Sigmoidoscopy (for the lower colon) and colonoscopy (for the full length of the colon) allow the gastroenterologist to detect and remove intestinal polyps and to biopsy suspicious growths. The gastroenterologist may use colonoscopy to explore suspicious findings from other screening procedures. Further diagnostic procedures may include transrectal or abdominal ULTRASOUND, COMPUTED TOMOGRAPHY (CT) SCAN, and MAGNETIC RESONANCE IMAGING (MRI).

Pathology examination of the suspect tissue confirms the diagnosis and establishes the extent of the cancer, a clinical classification process called STAGING OF CANCER. Staging identifies how far the cancer has spread, determines treatment recommendations and protocols, and establishes expectations about how the cancer will respond to treatment (prognosis). The higher the stage number, the more advanced the cancer.

Basic Staging of Colorectal Cancer
StageMeaningTreatment Protocol
stage 0 cancer is in its earliest stages, completely confined to the polyp; also called CARCINOMA in situ or intramucosal carcinoma surgery to remove the cancerous polyp (polypectomy), typically via COLONOSCOPY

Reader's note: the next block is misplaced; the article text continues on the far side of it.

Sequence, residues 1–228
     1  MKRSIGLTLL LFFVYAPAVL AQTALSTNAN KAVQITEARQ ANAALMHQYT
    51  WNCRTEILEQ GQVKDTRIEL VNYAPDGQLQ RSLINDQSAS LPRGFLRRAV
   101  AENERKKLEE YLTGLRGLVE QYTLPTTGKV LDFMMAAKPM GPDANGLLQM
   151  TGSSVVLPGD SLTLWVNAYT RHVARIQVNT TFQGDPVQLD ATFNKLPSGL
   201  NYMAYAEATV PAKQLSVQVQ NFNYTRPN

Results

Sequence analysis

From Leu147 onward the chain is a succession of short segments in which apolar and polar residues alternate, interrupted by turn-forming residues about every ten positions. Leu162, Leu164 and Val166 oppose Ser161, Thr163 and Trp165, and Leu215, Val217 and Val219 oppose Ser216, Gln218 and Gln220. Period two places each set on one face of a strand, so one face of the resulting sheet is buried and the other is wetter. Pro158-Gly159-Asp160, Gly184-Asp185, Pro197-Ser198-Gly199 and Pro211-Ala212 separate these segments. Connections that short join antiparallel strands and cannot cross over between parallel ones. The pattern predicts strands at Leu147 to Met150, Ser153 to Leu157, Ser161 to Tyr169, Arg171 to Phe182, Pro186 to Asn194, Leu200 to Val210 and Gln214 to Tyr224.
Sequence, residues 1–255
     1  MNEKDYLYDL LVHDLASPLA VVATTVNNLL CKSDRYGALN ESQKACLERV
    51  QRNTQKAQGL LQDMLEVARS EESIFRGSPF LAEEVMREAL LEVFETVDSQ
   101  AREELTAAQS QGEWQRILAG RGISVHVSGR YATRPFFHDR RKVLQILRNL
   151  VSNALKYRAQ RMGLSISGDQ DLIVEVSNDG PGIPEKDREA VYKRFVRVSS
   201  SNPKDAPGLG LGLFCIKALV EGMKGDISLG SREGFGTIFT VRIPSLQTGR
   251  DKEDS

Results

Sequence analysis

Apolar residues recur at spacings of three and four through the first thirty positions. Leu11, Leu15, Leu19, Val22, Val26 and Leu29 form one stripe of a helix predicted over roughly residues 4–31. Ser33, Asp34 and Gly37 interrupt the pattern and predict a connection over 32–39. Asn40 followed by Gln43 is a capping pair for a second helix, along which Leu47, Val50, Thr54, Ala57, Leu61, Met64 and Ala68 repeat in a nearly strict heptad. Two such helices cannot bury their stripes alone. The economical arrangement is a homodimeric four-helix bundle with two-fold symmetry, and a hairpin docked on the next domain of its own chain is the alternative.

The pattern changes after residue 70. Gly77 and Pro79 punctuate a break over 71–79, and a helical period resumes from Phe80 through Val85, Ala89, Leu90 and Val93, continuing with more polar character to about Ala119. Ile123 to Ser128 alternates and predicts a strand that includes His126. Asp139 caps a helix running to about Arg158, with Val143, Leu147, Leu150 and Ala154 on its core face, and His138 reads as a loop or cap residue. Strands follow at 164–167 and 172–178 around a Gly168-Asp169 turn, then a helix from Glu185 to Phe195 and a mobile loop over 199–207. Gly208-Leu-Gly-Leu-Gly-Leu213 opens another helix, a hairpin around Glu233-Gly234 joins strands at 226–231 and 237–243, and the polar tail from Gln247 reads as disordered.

stage 1 cancer involves but remains confined to the inner layers of the intestinal mucosa surgery to remove the tumor and the involved segment of colon (local excision)
stage 2 cancer extends beyond the wall of the COLON but not into the LYMPH NODES surgery to remove the tumor and involved segment of colon; occasionally RADIATION THERAPY or CHEMOTHERAPY
stage 3 cancer extends beyond the wall of the colon and into nearby lymph nodes surgery to remove the tumor, the involved segment of colon, the surrounding tissue into which the cancer has spread, and the involved lymph nodes; radiation therapy or chemotherapy